• Seniors on the Go: Good value domestic destinations

    March 11, 2014

    Not many of you decide where to go strictly on the basis of prices -- after all, you'd "save" the most money by staying home, and you could find inexpensive hotels and restaurants in almost any nearby small town. Still, relative value is important to many of you, and the good folks in the travel industry are happy to guide you in your destination search.

  • Airline news update

    March 11, 2014

    We've seen a flurry of airline announcements over the last few weeks. And in this industry, when one big line announces some new initiative -- especially when it's a bad idea -- the other giants are very likely to follow. Among the more important developments for consumers:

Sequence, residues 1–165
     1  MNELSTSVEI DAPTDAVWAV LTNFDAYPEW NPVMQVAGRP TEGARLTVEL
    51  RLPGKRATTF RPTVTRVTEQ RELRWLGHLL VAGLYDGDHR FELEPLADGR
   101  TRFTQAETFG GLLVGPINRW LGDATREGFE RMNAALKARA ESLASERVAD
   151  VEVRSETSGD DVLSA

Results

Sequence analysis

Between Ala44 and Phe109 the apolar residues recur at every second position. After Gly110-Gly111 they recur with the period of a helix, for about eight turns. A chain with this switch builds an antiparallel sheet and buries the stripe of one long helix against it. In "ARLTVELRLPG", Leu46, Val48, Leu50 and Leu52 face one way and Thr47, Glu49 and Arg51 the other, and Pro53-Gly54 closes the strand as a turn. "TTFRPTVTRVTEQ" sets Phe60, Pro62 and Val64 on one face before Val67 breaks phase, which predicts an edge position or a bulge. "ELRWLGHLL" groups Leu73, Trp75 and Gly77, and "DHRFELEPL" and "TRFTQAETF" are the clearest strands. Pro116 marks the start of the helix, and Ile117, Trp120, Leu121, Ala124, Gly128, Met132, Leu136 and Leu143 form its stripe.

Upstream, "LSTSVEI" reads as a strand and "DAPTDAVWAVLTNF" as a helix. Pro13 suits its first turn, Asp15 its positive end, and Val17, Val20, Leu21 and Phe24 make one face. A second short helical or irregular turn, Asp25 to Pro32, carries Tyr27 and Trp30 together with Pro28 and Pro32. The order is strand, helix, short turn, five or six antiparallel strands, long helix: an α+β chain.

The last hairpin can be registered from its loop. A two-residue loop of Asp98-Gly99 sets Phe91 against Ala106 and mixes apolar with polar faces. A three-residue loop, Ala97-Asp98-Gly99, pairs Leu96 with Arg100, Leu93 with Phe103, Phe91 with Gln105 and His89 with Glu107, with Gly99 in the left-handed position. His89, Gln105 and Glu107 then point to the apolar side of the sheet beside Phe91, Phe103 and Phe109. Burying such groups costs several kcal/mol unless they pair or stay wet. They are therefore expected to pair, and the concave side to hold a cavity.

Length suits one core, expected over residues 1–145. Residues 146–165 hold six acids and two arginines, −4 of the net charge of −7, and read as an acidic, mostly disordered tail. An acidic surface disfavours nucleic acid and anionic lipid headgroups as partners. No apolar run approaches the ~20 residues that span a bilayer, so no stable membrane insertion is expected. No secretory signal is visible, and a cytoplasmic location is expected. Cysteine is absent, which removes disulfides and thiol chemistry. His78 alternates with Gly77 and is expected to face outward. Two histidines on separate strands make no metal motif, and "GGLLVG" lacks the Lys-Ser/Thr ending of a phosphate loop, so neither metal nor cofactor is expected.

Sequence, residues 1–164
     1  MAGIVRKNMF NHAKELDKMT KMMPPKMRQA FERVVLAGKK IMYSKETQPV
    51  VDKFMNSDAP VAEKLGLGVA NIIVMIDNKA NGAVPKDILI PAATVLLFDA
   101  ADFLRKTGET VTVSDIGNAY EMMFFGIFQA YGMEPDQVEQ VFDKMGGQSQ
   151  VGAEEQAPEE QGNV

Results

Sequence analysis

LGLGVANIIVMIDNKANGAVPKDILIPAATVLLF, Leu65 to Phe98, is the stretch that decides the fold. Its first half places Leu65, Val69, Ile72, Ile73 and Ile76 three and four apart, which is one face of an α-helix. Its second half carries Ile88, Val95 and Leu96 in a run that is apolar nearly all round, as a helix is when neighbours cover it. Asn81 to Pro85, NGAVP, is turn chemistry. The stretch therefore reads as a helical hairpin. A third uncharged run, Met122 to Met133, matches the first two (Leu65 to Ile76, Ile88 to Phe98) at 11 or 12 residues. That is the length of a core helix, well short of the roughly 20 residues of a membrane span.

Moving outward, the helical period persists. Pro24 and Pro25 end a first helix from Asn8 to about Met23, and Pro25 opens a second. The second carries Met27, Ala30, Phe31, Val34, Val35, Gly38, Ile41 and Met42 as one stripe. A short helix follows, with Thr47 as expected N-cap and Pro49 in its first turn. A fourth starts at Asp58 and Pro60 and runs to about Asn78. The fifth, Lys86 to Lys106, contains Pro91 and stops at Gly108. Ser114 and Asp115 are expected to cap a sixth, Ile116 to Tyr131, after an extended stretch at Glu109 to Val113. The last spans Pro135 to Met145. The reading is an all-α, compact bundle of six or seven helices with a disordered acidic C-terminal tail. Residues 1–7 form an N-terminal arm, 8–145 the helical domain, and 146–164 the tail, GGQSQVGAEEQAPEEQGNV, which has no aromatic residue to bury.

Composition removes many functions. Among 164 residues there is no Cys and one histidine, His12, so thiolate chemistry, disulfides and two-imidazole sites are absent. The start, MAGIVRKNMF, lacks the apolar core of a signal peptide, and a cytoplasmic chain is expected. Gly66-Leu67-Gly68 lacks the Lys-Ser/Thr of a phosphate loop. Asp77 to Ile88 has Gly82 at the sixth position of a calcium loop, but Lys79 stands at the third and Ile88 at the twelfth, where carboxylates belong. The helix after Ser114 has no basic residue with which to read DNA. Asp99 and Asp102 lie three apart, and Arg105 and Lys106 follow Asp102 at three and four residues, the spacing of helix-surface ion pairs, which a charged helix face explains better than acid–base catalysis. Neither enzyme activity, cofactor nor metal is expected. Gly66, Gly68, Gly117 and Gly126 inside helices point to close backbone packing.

• Seniors on the Go: Your legal rights in foreign travel

    March 4, 2014

    Nothing is more frustrating than to suffer an accident when you're traveling, especially if you suffer damages through the negligence of a hotel, cruise line, tourist attraction, sightseeing operator, or such. Judge Thomas Dickerson, who literally writes the book on travel law, recently published several articles that address legal questions about overseas travel, but they offer less certainty than you might expect. The key question is whether you can claim jurisdiction over a foreign supplier in a U.S. court, and Judge Dickerson's analyses suggests that the answer is a firm "maybe."

  • Dealing with Delta's new frequent flyer program

    March 4, 2014